How does vSphere LCM compare with VxRail LCM?
Fri, 24 Apr 2020 14:35:44 -0000|
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VMware’s announcement of vSphere 7.0 this month included a highly anticipated enhanced version of vSphere Update Manager (VUM), which is now called vSphere Lifecycle Manager (vLCM). Beyond the name change, much is intriguing: its capabilities, the customer benefits, and (what I have often been asked) the key differences between vLCM and VxRail lifecycle management. I’ll address these three main areas of interest in this post and explain why VxRail LCM still has the advantage.
At its core, vLCM shifts to a desired state configuration model that allows vSphere administrators to manage clusters by using image profiles for both server hardware and ESXi software. This new approach allows more consistency in the ESXi host image across clusters, and centralizes and simplifies managing the HCI stack. vSphere administrators can now design their own image profile that consists of the ESXi software, and the firmware and drivers for the hardware components in the hosts. They can run a check for compliance against the vSAN Hardware Compatibility List (HCL) for HBA compliance before executing the update with the image. vLCM can check for version drift that identifies differences between what’s installed on ESXi hosts versus the image profile saved on the vCenter Server. To top that off, vLCM can recommend new target versions that are compatible with the image profile. All of these are great features to simplify the operational experience of HCI LCM.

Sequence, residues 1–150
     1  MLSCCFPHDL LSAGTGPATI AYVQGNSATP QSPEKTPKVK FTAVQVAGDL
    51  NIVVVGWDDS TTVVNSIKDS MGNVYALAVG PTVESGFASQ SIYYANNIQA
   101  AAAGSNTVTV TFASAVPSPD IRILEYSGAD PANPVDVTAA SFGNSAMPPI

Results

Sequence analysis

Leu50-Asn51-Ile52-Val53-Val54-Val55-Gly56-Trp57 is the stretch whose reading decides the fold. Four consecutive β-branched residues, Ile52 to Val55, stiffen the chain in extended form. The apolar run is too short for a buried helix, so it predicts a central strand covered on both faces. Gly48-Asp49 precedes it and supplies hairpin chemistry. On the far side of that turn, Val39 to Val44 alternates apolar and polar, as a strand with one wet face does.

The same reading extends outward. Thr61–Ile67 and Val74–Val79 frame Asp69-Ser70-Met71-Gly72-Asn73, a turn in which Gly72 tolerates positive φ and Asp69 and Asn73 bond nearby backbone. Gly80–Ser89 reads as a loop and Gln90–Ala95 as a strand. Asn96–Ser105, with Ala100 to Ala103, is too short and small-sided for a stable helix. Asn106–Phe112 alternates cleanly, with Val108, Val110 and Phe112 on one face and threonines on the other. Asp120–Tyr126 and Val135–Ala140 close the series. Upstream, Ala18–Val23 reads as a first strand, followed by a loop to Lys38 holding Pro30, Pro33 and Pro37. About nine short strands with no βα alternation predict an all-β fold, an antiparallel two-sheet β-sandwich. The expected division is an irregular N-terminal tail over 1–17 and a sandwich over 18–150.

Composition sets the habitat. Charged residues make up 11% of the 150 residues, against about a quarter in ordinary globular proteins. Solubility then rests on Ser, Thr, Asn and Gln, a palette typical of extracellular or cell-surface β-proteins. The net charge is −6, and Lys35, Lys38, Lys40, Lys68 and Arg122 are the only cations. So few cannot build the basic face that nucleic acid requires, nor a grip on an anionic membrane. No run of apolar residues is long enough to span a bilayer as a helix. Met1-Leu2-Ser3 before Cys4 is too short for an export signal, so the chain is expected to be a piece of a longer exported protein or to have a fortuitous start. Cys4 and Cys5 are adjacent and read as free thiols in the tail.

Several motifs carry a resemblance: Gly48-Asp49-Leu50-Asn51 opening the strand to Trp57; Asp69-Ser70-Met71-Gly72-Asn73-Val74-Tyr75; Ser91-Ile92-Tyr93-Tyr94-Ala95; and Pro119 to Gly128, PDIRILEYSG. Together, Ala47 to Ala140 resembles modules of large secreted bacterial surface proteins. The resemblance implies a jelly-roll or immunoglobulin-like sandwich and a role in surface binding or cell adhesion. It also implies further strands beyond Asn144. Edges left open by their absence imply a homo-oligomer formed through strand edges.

Let’s dig deeper so you can get a better appreciation for how these capabilities are delivered. vLCM relies on the Cluster Image Management service to allow administrators to build that desired state. At the minimum, the desired state starts with the ESXi image which requires communication with the VMware Compatibility Guide and vSAN HCL to identify the appropriate version. In order to build a plugin to vCenter Server that includes hardware drivers and firmware on top of the ESXi image, hardware vendors need to provide the files needed to fill out the rest of the desired image profile. A desired state complete with hardware and software is achieved when capabilities such as simplified upgrades, compliance checks, version drift detection, and version recommendation can benefit administrators the most. At this time, Dell and HPE have provided this addon.